Book Review – The Hole Opportunity by James Minter
There are some very silly people living in and around Harpsden. Colin Griggs and his wife, Izzy, are no exception. They are struggling rural farmers. Colin brainstorms (in his case, it’s more like scattered showers), trying to find a way to save his small farm and, after being inspired by donuts and electrical outlets, comes up with the idea of hole farming. So many things rely on holes he figures it can’t miss.
His first contract, to make holes for the local golf course, goes astray. He uses rabbits in a complex cage system to build the holes, and the rodents overachieve with humorous consequences.
Colin is a comic character, unsophisticated, impulsive, and seemingly accident-prone, or at least very unlucky, but then most of the town’s population would be at home in a Monty Python sketch. Their mishaps and misinterpretations make for a slapstick comedy of errors with a certain charming innocence. Once you get past the silly premise, it’s a fun read.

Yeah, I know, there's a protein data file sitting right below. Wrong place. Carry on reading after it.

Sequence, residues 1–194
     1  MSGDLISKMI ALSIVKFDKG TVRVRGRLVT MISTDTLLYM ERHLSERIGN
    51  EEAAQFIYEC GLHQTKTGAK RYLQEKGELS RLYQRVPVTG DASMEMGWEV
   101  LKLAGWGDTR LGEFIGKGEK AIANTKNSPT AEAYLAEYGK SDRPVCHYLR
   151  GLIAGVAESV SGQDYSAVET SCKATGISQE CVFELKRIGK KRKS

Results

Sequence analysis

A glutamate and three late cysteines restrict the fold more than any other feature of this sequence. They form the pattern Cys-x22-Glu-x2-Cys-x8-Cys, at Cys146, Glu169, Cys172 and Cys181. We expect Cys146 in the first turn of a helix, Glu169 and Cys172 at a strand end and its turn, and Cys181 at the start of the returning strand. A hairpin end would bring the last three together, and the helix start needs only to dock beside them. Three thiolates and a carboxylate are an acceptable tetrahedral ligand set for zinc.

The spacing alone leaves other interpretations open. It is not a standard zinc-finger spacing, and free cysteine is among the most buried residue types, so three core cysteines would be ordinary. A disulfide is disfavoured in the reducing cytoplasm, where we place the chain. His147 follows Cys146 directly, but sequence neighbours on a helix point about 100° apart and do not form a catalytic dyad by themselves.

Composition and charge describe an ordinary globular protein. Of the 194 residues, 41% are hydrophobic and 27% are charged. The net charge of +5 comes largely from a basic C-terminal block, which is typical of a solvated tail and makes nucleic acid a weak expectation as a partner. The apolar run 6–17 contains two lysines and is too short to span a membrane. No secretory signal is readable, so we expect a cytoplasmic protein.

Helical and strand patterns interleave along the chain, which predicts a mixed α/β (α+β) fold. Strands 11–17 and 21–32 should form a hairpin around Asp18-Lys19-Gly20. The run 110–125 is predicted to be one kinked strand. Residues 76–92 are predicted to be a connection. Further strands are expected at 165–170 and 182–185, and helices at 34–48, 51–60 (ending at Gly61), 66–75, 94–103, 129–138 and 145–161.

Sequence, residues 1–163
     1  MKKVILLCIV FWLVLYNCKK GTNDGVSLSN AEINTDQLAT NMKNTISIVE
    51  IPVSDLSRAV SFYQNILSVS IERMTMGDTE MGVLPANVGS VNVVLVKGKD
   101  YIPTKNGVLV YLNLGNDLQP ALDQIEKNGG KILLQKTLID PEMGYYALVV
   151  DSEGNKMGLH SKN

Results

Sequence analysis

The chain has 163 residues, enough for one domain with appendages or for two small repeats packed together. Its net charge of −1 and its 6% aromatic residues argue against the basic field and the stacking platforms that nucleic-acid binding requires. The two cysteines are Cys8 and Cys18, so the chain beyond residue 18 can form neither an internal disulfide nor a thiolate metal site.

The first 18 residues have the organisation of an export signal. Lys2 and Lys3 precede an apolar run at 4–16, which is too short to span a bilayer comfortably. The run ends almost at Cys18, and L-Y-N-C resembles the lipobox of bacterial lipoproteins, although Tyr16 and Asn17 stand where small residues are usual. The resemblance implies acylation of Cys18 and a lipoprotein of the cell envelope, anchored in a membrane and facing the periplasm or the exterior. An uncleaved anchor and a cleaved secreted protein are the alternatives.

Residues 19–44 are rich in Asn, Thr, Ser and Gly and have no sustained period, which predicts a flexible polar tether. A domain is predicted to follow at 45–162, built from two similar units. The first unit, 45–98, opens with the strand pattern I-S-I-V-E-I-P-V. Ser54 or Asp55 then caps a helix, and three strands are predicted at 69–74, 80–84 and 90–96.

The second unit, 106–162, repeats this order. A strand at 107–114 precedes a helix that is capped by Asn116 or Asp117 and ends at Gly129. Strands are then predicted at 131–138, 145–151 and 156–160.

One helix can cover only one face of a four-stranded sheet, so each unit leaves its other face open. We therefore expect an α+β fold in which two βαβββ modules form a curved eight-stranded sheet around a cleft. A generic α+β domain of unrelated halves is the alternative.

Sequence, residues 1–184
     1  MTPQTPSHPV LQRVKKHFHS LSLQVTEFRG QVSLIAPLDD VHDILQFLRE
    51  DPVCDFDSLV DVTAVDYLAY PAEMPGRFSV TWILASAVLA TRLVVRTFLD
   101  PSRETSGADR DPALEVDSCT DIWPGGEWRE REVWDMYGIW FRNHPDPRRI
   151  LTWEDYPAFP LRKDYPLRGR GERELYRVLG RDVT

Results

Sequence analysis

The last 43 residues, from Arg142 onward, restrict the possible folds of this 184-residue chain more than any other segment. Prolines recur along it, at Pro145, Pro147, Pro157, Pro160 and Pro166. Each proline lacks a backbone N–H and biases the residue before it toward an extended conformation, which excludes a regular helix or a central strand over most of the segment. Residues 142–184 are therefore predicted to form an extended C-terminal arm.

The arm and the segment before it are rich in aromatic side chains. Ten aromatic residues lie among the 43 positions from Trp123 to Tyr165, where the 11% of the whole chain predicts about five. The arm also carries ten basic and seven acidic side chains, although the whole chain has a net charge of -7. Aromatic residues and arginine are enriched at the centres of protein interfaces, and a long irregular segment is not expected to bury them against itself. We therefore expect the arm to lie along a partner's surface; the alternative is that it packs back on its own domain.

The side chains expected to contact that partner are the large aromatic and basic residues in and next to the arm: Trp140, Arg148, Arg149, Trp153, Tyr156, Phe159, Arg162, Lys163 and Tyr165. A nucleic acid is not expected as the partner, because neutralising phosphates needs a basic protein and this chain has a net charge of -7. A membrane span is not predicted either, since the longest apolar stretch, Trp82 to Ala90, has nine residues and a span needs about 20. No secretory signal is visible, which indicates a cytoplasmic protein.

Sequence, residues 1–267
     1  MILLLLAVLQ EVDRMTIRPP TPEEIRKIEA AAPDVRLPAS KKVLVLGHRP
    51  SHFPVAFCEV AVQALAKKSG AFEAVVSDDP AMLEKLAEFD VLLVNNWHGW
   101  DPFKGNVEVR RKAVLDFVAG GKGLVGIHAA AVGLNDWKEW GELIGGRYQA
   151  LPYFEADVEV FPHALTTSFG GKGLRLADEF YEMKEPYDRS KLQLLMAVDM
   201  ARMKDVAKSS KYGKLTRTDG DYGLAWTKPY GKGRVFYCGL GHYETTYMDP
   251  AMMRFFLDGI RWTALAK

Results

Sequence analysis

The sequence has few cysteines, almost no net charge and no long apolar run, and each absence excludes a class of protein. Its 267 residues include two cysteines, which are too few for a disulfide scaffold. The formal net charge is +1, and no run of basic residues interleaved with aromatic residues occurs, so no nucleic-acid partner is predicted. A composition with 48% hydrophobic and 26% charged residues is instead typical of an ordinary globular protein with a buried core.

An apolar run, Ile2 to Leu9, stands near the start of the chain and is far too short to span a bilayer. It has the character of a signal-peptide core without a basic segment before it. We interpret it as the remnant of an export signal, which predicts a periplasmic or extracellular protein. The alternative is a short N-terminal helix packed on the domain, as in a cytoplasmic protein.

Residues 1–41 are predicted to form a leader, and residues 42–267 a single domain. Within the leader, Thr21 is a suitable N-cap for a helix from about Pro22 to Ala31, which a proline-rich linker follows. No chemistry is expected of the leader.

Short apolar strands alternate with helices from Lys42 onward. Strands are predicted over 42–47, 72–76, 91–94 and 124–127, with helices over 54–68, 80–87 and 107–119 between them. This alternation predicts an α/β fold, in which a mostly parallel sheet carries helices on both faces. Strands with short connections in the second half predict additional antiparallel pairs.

I must admit, that was a bit difficult for me. The hole farming thing was just a bit too silly, even for a farce like this. It might work better in fantasy or Sci-Fi, but as a contemporary humor, I just couldn’t quite get into it. The prose is well done, although it could benefit from a smattering of well-placed commas and additional paragraph breaks. I noticed, I think, only one obvious typo (‘here’ instead of ‘her’ – I make this one myself sometimes).
This book is a bit Monty Python, a bit I Love Lucy, and a little bit children’s story. The characters are clowns to be laughed at more than they are heroes to be identified with, and it does have some quite funny scenes. I can recommend it for readers looking for an absurd farce that, unlike many in this genre, does not rely on people being drunk or crude to create a humorous situation.